knitting Paradise

I belong to a wonderful knitting and crochet group called

Knitting Paradise.

I hope you will drop by and check us out. Shirley

Tuesday, February 10, 2009

TIPS- increasing size & press n seal

We have been discussing the best way to reduce or enlarge a picture for a landscape - as well as discussing press n seal.

Here are some of the posts from the group members and I think it is worth sharing -

"I found a program called Artrage 2.5 Plus.
I can put my photo in the program and draw around
the different parts of the photo. I can print out just
the lined drawing. I than take it to the copy center
and enlarge it. It's usually only about .25 or less for
the print. This program works on a Mac. I know
there are free programs that allow people to do the
same thing with their pc. When I took Making Fabrics
Portraits class many people were using those. It's
a vector program (I think) just google and see what you
find. I bought mine at Target for about $20. I plan to
do more fabric portraits and it really was helpful for me
to do it this way.
Janet Hartje

When I want to enlarge I use my all-in-one printer/copier. Divide your
picture like Shirley does, and enlarge each section separately, and re-
attach all with tape. Then you can trace over it all onto another paper
or press and seal for your master copy. Saves time and money :)

Teri in Omaha
"Chris in NJ" wrote:
> You can certainly do the enlargement the way Shirley explains or you
> can follow the way I do enlargements on my blog. I trace the elements
> of the scene with a permanent marker and then have that image enlarged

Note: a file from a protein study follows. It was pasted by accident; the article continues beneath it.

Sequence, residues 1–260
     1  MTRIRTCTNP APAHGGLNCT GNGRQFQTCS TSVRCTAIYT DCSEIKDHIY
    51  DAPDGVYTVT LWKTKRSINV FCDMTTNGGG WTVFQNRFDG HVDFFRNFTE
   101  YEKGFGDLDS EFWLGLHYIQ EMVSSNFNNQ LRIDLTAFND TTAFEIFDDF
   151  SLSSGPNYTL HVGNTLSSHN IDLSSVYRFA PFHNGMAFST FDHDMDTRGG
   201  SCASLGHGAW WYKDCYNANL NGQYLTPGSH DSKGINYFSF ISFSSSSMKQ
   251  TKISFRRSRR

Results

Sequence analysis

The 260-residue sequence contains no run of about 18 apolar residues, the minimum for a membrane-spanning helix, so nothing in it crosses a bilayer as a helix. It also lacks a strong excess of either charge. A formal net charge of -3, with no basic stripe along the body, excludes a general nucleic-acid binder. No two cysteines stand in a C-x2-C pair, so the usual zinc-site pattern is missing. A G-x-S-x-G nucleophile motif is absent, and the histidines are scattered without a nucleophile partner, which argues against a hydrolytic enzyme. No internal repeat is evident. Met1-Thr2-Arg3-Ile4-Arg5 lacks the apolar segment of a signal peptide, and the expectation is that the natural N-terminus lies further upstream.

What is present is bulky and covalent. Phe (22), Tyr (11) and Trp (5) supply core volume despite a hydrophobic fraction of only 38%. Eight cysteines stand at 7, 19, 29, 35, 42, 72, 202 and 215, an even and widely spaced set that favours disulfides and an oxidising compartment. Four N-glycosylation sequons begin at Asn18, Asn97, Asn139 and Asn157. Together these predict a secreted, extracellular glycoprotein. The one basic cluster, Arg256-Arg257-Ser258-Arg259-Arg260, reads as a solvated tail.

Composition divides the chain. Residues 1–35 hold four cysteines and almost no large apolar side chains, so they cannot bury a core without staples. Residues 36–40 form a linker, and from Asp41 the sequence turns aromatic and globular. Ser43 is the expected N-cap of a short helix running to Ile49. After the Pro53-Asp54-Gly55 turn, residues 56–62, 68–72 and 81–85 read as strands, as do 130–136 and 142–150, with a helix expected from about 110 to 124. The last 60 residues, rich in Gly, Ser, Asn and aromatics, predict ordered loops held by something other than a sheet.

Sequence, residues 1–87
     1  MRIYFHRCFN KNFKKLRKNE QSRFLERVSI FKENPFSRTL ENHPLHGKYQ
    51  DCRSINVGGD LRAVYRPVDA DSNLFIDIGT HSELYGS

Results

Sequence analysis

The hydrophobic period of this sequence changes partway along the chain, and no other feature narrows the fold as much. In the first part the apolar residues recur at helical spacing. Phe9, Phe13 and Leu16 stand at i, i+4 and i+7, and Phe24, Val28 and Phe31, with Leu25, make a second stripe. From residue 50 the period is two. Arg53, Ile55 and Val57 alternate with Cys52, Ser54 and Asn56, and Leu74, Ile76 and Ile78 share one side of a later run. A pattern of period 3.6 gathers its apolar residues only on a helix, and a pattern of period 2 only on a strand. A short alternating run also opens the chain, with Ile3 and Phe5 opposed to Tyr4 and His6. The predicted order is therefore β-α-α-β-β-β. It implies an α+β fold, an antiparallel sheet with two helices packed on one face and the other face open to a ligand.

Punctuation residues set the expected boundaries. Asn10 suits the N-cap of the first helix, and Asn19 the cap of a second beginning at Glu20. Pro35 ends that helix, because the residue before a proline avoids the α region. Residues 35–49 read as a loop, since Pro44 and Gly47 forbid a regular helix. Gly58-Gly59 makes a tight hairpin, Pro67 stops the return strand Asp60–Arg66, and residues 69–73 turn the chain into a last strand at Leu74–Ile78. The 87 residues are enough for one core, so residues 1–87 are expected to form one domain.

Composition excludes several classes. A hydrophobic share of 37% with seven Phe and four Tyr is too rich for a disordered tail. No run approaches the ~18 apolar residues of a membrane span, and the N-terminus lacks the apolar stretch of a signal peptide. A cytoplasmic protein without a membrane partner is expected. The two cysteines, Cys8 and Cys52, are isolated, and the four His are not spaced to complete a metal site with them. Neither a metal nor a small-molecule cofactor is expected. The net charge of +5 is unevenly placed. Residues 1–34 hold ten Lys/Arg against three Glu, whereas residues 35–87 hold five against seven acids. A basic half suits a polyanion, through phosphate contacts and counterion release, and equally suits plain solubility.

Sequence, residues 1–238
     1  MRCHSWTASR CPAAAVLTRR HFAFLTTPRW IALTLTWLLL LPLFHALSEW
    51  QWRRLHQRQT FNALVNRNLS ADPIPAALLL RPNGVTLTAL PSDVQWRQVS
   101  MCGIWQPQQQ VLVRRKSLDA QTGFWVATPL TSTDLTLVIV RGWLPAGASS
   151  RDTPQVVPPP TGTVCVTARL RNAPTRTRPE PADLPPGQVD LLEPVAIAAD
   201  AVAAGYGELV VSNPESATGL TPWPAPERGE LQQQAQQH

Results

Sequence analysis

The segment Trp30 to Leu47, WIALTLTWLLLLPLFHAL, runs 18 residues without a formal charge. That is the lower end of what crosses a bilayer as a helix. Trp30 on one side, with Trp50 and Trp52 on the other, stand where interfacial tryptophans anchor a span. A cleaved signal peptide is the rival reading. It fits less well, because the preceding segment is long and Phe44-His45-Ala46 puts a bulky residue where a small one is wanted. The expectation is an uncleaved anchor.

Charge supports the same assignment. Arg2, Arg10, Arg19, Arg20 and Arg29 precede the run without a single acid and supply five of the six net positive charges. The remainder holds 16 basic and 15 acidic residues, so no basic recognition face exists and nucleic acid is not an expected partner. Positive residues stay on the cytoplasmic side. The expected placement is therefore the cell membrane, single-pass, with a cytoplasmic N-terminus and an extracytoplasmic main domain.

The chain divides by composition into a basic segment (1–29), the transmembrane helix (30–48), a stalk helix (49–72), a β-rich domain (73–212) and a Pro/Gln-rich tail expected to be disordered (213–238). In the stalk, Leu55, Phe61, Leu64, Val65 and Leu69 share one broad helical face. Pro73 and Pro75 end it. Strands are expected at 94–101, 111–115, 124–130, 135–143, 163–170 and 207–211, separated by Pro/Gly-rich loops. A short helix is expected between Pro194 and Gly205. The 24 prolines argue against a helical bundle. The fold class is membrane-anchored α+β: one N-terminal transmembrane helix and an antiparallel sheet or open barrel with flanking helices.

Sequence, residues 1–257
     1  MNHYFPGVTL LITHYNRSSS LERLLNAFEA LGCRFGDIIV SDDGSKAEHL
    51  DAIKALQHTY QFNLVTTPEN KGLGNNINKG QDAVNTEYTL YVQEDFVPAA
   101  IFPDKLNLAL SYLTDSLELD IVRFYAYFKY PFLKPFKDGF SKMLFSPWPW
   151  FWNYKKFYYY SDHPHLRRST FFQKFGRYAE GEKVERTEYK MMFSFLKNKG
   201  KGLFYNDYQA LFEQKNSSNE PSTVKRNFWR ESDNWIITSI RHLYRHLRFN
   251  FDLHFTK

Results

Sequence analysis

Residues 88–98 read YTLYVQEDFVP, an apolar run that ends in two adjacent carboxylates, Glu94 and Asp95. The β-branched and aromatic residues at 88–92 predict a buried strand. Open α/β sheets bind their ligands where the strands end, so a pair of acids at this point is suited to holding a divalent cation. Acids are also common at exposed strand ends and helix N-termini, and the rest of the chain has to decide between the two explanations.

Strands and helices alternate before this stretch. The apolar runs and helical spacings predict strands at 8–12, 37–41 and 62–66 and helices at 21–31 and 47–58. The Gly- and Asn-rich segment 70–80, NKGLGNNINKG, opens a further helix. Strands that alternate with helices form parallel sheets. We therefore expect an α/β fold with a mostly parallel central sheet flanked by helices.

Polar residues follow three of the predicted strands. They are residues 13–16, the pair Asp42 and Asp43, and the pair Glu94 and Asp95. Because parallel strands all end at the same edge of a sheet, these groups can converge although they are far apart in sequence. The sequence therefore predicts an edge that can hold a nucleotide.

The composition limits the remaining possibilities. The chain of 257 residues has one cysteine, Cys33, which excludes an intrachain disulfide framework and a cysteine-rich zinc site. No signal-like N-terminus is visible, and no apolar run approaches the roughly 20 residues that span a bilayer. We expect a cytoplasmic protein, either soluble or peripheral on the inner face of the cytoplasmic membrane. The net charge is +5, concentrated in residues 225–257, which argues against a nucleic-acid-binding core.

> at a copy center like Staples. I find this to be the quickest way to
> do it. Although it does cost for the enlargement. See my blog.
> Chris NJ



This stuff is great for quilting your quilts too, ladies! I have done
several of mine with it. I pin baste my quilt, or baste it any way you
choose, then, lay the PressN'Seal on top of it. Traces or draw your
quilting design on it. (If not sure about the pen you are using, test
first to see if it runs through the P'N, mine never has, but I always
check!). Trace or draw design on it you want to stitch. I do alot of
free motion, but also trace templates sometimes. Then stitch on it, &
remove it when you are done. As for pins, you can see them through
this stuff & go around them, or take them out as you get to them. I
love using it for my machine quilting, as I tend to quilt closer
together than I really need to, & this helps keep me from doing that.
Only complaint I have heard is if your stitching is too close
together, it's harder to remove. Otherwise, it's no sweat! Reminds me
of a sunburn & when your skin peels from that. This peels off kind of
the same way! Use your darning foot, as you do with free motion
otherwise, & give it a try!


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